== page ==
The rhythm of "reptile" is similar to Pink Floyd's "Money", in that it is built upon the clicks and clanks of a machine. The song sounds less like music than an assembly plant in operation, and not a happy one at that. The reptile we're dealing with is actually a female who must be a lot of fun to party with. After all, she leaves a trail of honey behind her, spreads herself open for insects to enter, possesses the blood of a cold-blooded vertebrate, and has the "seeds from a thousand others" dripping down from within. I wouldn't date a gal like that unless I had a biologist along as a chaperone and a sixty inch thick condom in my wallet.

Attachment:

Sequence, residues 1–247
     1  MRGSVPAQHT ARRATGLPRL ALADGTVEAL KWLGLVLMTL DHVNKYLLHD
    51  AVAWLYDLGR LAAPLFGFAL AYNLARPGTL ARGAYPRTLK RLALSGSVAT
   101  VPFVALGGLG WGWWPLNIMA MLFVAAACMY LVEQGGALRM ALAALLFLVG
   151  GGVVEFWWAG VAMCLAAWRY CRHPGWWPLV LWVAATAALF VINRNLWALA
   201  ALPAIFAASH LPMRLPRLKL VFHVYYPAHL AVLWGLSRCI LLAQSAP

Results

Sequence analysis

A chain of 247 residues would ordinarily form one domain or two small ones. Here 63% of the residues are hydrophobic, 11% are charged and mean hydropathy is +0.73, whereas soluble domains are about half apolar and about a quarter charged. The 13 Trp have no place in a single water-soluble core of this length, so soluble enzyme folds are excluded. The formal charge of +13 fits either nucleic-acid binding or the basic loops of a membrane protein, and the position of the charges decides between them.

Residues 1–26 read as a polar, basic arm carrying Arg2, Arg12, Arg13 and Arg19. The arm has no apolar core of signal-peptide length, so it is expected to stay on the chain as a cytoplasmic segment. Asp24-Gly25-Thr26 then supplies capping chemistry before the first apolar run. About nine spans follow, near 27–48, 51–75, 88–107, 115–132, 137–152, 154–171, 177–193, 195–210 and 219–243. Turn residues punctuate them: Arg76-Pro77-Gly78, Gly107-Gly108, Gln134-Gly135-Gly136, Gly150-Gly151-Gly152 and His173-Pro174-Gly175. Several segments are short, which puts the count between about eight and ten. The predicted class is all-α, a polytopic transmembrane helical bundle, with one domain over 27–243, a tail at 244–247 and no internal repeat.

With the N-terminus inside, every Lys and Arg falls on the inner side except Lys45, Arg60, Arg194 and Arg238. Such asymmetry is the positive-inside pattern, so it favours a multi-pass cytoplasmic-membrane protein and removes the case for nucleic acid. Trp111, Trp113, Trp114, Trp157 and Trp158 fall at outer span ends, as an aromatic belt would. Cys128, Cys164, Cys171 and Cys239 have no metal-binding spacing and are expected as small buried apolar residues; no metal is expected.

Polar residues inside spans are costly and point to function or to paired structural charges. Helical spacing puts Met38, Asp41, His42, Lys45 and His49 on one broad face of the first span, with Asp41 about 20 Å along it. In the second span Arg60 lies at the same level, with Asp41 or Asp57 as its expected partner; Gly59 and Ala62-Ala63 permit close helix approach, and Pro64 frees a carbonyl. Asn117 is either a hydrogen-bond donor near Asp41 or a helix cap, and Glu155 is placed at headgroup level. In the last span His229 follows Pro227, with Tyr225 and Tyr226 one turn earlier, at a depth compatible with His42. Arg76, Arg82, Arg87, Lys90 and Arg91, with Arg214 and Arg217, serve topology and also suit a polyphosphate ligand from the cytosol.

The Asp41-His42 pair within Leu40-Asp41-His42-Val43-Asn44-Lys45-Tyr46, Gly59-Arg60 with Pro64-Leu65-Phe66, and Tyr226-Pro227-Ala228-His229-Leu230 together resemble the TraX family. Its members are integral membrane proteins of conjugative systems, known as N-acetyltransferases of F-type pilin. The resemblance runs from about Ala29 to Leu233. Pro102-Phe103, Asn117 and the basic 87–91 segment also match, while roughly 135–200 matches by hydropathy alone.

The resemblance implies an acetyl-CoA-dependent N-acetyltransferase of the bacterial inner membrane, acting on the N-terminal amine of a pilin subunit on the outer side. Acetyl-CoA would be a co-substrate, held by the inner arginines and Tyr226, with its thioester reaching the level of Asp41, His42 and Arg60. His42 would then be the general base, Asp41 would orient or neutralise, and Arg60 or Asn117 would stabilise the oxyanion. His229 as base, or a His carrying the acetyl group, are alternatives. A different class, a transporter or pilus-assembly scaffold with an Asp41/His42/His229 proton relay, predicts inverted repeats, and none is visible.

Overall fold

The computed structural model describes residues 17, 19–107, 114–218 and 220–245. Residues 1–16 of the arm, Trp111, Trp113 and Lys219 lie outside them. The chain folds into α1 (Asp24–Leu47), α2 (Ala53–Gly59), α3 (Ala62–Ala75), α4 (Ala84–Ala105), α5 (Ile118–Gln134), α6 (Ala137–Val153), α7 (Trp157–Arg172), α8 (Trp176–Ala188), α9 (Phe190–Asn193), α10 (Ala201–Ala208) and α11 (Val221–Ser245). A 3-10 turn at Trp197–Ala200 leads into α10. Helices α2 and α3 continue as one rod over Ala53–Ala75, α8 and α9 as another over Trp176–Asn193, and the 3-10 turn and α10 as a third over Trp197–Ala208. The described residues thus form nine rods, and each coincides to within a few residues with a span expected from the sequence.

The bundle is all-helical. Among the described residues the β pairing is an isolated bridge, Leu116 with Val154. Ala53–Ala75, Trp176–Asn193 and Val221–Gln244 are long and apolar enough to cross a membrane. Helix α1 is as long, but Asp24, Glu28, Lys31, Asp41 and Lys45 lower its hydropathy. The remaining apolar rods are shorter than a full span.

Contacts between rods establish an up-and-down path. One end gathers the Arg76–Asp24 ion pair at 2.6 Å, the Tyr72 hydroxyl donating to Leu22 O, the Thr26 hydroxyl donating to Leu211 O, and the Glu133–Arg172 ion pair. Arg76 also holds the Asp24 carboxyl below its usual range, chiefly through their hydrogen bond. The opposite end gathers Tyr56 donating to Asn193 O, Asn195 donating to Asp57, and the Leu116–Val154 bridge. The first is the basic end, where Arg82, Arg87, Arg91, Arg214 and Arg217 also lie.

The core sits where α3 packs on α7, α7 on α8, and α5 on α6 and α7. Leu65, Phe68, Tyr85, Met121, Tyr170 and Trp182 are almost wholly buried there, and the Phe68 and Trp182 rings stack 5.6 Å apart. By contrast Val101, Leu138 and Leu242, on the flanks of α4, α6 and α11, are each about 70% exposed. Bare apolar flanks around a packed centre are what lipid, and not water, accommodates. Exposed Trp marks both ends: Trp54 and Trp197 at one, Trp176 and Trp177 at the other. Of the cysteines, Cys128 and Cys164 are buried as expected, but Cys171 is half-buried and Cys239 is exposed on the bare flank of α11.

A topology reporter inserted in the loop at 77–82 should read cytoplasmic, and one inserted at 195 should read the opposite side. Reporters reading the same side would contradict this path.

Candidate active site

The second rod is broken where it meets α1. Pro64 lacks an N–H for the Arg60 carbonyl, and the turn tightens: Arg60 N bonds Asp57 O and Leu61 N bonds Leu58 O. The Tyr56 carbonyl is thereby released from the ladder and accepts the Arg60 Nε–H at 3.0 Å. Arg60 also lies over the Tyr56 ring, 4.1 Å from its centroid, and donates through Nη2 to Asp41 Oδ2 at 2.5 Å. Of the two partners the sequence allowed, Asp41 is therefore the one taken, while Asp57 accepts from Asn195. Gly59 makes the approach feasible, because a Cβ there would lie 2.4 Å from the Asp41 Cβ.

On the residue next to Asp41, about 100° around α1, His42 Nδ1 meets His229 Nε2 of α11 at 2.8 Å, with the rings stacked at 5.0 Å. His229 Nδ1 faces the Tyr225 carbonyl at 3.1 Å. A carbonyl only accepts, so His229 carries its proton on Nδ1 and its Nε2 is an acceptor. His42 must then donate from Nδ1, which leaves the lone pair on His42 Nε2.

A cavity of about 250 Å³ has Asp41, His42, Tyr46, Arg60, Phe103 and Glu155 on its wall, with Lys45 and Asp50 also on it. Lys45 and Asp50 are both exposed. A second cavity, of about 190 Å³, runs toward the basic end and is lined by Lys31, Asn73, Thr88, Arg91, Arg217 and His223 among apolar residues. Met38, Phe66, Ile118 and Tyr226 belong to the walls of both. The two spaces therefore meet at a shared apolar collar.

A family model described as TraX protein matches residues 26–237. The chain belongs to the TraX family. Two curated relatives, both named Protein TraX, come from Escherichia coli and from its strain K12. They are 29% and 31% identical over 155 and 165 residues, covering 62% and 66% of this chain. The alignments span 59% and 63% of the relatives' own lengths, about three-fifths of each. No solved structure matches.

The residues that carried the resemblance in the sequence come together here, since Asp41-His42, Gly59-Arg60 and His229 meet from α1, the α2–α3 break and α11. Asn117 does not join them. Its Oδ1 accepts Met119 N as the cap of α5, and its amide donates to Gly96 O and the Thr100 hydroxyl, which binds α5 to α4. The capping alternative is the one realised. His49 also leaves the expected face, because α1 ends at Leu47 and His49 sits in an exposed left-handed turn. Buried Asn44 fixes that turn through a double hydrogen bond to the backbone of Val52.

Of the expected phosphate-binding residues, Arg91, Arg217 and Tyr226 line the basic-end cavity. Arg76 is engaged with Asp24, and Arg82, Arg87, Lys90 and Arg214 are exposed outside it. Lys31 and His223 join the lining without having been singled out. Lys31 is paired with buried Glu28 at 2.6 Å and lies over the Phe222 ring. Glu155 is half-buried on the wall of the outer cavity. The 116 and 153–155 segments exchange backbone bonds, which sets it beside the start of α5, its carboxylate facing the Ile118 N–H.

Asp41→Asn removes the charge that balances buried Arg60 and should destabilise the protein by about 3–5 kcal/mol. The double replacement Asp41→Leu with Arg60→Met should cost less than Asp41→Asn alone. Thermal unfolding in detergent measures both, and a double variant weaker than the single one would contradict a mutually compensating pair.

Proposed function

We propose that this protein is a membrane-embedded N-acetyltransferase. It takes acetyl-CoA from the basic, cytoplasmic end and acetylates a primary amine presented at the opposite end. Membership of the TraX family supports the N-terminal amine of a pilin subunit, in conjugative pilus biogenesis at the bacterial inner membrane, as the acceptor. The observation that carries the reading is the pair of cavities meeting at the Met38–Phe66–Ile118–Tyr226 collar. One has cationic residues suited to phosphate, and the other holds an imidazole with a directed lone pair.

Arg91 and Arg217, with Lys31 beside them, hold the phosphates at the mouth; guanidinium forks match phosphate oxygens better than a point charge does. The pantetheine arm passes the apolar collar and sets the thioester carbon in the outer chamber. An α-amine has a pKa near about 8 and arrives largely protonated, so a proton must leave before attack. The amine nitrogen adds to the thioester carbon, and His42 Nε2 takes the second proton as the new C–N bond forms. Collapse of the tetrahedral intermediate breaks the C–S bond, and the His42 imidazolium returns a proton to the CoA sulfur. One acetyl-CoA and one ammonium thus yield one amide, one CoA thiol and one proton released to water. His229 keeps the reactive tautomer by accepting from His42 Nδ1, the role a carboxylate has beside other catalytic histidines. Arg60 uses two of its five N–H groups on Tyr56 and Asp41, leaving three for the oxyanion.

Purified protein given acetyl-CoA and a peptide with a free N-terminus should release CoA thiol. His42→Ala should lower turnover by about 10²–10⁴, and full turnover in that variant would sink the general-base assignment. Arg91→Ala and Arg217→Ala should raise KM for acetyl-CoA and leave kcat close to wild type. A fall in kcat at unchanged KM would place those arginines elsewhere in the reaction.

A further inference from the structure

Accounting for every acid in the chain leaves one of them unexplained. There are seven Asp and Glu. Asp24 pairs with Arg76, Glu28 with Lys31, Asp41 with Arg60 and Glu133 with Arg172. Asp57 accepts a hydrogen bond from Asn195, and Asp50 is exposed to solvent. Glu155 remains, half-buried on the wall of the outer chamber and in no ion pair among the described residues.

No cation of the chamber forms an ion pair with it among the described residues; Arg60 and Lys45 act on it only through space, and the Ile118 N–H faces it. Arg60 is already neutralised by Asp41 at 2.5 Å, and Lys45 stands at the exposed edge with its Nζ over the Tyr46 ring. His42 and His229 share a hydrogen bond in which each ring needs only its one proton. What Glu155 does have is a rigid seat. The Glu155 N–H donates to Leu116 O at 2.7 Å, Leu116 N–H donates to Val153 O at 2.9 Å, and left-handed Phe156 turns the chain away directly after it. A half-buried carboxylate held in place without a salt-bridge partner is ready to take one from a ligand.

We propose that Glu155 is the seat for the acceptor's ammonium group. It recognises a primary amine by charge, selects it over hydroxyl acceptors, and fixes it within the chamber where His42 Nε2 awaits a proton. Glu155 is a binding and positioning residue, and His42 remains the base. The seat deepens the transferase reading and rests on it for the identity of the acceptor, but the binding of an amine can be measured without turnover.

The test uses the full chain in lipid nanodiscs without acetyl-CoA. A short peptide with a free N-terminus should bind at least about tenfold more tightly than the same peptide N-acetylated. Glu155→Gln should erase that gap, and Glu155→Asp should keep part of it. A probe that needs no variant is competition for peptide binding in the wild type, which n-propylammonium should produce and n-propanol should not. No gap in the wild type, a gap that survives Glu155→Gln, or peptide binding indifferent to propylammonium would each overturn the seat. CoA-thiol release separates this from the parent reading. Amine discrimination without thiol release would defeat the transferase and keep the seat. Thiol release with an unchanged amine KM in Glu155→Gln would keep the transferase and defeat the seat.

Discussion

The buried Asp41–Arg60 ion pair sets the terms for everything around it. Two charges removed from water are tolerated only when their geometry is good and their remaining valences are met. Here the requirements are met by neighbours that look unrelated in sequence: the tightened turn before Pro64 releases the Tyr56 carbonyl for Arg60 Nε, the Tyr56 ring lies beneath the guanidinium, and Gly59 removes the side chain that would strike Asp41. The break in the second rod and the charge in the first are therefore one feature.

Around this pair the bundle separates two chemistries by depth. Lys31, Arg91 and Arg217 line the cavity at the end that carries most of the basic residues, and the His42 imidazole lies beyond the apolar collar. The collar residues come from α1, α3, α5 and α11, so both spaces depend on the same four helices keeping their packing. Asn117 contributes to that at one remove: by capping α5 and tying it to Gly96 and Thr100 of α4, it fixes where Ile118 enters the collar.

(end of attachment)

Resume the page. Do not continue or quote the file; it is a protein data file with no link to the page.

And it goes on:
The only song on this entire album that I sort of dislike is the title track. Built around the melody found at the end of "closer" (I guess that would make it a motif of sorts), it's mostly suicide noise, a muffled mess, Trent talking and screaming, and problems being "fixed in one determined flash" (a fancy way of saying "blowing one's head off"). I don't know what "mushroom blue" looks like, since the ones I see are mostly some variation of brown and/or white. Trent and I are obviously digging around in different cow patties.
The album wraps up with Trent's noteworthy contribution to the world of ballads, the uncomfortably vulnerable "hurt". The creepy-sad guitar sleepwalks under Trent's attempts to bestow an "empire of dirt" upon us. His buddy Chris Vrenna played the super-simple drums, but went away in the end. Here we have references to needles that tear a hole and my favorite form of headgear, the stylish and snazzy "crown of sh*t". One size fits all and keeps the girls away.